Comments, EdgeNotes, In Focus

Mourning Corona

Mental health has become a concern as we face the Coronavirus: including fearful anxiety, anger in supermarkets, and the effects of social isolation.

 

Steve Latham

 

Among health workers, and other essential services, however, stress, rather than inactivity, will be the major psychological problem.

But we should also consider the longer term results of the crisis, as society undergoes a major trauma, with increased incidences of PTSD.

Because, besides such individual consequences, could there also be a collective plunge into neurosis?

Psychotherapist, Karen Horney, for example, suggested neuroses are related to cultural background. Freud himself went further, trying to analyse an entire culture, in ‘Civilization and Its Discontents’.

But is it possible for a whole society to exhibit a particular pathology, such as a structural depression?

How about the entire planet? Surely the numbers who die will be totally overwhelming. Without belief in an afterlife, or divine judgment, there is just the brute fact of death itself.

To mitigate the sense of loss, therefore, some have suggested we should view death as part of life, another stage of our animal existence as we depart the scene.

But everyone in the world, will know someone who has died, often amidst great physical suffering. The estimated numbers in Britain range from 20,000 to 250,000; optimists suggest (only!) 5,000.

For some nations, in the Global South, without adequate health-care systems, the figures will be incalculable.

Stoically demonstrating acceptance, or resignation, in face of such casualties reveals a Social Darwinism, that relegates the poor, old and weak, to a status of political unimportance.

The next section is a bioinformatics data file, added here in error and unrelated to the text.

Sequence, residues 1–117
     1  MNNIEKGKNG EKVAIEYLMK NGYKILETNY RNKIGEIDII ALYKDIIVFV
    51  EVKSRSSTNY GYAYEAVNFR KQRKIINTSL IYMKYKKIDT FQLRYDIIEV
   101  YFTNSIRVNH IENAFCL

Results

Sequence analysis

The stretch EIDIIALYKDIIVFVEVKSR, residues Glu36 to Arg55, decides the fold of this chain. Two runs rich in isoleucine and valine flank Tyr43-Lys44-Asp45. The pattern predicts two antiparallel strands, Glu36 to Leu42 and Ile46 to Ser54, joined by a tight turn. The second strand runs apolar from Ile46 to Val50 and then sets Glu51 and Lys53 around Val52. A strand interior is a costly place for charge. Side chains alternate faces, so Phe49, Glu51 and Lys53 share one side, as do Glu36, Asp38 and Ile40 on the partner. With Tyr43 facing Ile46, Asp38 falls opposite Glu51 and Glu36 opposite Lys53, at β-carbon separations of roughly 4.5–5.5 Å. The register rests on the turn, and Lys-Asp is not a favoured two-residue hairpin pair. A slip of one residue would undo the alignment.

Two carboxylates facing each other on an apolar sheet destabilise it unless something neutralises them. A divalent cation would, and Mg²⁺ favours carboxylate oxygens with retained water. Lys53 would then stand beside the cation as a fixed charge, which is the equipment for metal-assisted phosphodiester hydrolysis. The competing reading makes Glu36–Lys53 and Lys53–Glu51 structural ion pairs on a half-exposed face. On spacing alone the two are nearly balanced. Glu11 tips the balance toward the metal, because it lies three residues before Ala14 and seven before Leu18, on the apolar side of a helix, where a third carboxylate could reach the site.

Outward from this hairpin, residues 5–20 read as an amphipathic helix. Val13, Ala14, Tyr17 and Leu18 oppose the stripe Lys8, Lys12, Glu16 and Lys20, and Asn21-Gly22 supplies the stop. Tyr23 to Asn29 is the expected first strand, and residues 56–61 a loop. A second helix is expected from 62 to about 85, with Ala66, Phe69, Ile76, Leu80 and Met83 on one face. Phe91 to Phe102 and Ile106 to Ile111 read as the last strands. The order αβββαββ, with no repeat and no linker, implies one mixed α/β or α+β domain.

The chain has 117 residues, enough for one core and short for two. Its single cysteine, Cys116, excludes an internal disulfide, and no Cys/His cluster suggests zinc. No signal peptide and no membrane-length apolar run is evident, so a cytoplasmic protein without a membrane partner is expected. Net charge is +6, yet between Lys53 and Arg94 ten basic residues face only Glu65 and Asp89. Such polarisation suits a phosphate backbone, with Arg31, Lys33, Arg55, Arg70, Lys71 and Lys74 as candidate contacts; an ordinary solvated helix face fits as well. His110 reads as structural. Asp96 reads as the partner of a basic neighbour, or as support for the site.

So, what might be the outcome of such a disaster?

Freud theorised that ‘melancholy’, or depression, represents an uncompleted work of mourning, a failure to work through the stages of grieving later identified by Colin Murray Parkes.

But, with the huge numbers of world dead, how will a person, or a civilization, be able to progress in an orderly manner through the bereavement process?

After 1918, the impact of the Great War, and the Spanish Flu (which killed more than the actual conflict), produced massive cultural consequences.

Mausoleums and Memorials, Sepulchres and Cenotaphs, parades and pious processions, all sanctified a widespread cult of the dead.

The intense sense of loss led to a renewed spiritual search, not in traditional faiths, but through Spiritualism and Mediumship, for empirical experience of an afterlife, where the war-dead lived on.

The frenetic, frenzied, age of the flapper, during the 1920s, described by Scott Fitzgerald in his novels, sought escape in superficiality and sensuousness.

Some sought solutions in Left-wing radicalism, of Communist or Anarchist types, attempting to recreate society, in a fashion where such injustices could not occur again.

Eventually, the opposite reaction occurred with the rise of Fascism, with its attempt to restore order, and recover lost meaning.

What will be the cultural legacy of the Coronavirus? The hole left in our lives, by the too-soon departure of so many, will form a psychic wound.

What pus will today seep from our suppurating soul? What will heal it?

(Photos: Pixabay)

Share it / Compartir:

Leave a Comment

Your email address will not be published. Required fields are marked *

*

*